Get an ugly guy to marry you
Women with attractive husbands are more likely to develop an eating disorder, a Florida State University study has found.
The study shows wives who crash-diet to slim down are often driven to do so if they feel their husbands are betterlooking than them.
Researchers also found that men were rarely motivated to do the same, regardless of how attractive they considered their wife to be.
Experts say the research is key to improving resources for women who suffer from eating disorders, and could be useful information for couples to keep in mind for their relationship.
Lead author and doctoral student Tania Reynolds said: “The results reveal that having a physically attractive husband may have negative consequences for wives, especially if those wives are not particularly attractive.”
She explained that research shows women tended to overperceive just how thin their partners wanted them to be and, as a result, may inappropriately pursue dieting and a thin body.
“One way to help these women is for partners to be reaffirming, reminding them: ‘You’re beautiful. I love you at any weight or body type.’
“Perhaps by also focusing on the ways they are a good romantic partner outside of attractiveness and emphasising those strengths: ‘I really value you because you’re a kind, smart and supportive partner,’” she said.
The research also found that extra motivation to diet did not exist among women judged more attractive than their husbands. As for men, their motivation to diet was low regardless of their wives’ attractiveness, or their own.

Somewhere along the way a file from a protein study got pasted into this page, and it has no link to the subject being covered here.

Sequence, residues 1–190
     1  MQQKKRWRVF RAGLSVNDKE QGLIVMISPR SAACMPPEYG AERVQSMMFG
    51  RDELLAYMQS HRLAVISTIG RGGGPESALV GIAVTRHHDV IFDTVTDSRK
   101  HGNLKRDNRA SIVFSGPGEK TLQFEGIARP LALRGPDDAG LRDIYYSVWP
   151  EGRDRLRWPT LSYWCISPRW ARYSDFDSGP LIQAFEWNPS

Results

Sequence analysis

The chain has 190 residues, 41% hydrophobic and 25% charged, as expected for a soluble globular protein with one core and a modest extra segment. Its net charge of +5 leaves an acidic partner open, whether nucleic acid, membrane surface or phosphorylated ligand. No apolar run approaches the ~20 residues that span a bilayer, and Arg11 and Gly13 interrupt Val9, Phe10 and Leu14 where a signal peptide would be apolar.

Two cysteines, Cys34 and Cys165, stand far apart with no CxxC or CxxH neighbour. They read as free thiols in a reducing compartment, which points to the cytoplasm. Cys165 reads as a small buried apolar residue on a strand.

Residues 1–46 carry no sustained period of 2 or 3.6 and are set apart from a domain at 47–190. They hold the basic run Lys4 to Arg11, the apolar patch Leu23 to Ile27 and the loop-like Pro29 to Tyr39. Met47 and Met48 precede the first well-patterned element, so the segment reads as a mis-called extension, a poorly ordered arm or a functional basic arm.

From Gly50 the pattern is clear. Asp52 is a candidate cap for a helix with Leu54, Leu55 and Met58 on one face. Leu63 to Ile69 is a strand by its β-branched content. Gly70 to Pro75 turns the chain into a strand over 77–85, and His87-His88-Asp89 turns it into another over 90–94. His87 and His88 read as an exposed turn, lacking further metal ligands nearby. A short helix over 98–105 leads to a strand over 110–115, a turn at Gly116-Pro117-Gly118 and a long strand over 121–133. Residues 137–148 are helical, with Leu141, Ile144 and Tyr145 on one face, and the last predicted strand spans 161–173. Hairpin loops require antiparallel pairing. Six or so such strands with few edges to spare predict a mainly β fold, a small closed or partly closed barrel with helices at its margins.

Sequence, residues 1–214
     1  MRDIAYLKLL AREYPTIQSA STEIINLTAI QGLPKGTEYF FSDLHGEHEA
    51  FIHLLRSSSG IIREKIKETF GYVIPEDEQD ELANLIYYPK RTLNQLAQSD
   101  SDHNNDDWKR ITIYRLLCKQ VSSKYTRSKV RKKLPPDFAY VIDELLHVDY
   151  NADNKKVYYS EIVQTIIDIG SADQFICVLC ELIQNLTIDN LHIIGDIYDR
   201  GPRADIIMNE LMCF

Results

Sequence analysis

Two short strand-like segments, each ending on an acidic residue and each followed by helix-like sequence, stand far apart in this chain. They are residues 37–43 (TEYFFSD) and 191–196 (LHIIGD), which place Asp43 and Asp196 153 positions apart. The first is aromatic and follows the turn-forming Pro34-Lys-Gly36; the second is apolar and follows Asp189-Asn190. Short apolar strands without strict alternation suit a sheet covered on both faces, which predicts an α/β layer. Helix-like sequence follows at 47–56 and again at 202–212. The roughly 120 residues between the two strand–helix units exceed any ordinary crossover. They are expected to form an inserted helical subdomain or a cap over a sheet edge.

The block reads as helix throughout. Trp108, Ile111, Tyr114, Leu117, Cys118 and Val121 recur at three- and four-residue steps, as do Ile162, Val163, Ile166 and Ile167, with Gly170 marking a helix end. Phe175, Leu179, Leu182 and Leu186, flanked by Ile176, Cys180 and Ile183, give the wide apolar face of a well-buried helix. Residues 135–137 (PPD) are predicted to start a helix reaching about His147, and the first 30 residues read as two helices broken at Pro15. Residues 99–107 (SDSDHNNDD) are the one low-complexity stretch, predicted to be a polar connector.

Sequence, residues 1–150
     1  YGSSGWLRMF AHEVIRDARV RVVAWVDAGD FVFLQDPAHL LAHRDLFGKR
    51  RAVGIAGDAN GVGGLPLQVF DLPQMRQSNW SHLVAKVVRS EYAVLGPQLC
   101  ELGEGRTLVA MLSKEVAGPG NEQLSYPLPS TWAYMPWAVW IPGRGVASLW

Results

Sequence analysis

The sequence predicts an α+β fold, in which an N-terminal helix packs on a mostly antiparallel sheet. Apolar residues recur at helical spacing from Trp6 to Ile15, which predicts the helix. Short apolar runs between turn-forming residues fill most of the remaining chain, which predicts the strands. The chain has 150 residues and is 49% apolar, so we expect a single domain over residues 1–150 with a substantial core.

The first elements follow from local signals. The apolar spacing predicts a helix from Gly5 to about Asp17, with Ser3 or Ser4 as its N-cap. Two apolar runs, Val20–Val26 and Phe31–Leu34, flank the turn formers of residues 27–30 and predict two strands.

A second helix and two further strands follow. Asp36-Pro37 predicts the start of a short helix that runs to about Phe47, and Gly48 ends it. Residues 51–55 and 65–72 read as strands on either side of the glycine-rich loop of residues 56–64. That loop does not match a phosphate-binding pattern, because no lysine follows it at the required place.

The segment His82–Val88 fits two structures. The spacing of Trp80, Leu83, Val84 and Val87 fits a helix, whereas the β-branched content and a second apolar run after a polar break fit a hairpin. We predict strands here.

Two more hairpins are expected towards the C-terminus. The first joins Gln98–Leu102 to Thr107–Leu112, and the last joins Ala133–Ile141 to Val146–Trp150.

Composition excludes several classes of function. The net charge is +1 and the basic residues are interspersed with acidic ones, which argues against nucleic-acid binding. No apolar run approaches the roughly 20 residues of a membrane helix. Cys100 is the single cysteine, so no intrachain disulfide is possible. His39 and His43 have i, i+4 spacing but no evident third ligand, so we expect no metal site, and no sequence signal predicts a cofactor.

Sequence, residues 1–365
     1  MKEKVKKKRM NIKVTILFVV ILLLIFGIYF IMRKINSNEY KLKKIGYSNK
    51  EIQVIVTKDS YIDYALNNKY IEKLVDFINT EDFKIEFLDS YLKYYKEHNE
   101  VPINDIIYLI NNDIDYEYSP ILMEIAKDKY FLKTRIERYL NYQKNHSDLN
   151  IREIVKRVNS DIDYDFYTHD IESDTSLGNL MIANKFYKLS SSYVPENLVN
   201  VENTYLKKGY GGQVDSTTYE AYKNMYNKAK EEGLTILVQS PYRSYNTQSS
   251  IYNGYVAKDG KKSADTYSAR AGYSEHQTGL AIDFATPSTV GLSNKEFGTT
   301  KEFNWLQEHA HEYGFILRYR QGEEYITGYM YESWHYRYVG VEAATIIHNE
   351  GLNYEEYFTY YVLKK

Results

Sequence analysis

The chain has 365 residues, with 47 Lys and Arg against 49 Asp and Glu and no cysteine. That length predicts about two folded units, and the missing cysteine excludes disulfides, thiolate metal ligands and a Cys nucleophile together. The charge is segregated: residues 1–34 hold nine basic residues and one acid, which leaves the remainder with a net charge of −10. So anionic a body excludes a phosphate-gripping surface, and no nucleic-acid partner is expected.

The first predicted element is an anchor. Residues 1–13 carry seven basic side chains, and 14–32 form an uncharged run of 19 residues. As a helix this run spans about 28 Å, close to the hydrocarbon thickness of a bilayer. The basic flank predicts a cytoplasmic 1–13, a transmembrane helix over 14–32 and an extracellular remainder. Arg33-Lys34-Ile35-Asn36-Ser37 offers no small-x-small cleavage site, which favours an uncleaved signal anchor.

The study, published in the journal Body Image, offers productive insights about relationships. It advanced existing research from Andrea Meltzer, assistant professor of psychology at the university, that found marriages tended to be more successful and satisfying when wives were more attractive than their husbands.
It examined 113 newlywed couples – married less than four months, average age late twenties, living in the Dallas area – who agreed to be rated on their attractiveness.
Each participant completed a lengthy questionnaire focusing in part on their desire to diet or have a thin body. Some questions included: “I feel extremely guilty after eating,” or “I like my stomach to be empty” and “I’m terrified of gaining weight.”
A full-body photograph was taken of every participant and rated on a scale of one to 10.
Two teams of undergraduate evaluators studied the photos: one at the Southern Methodist University in Texas focused on spouses’ facial attractiveness, while another at Florida State University looked at body attractiveness. The evaluators varied in sex and cultural make-up.
“The research suggests there might be social factors playing a role in women’s disordered eating,” Reynolds said. – Daily Mail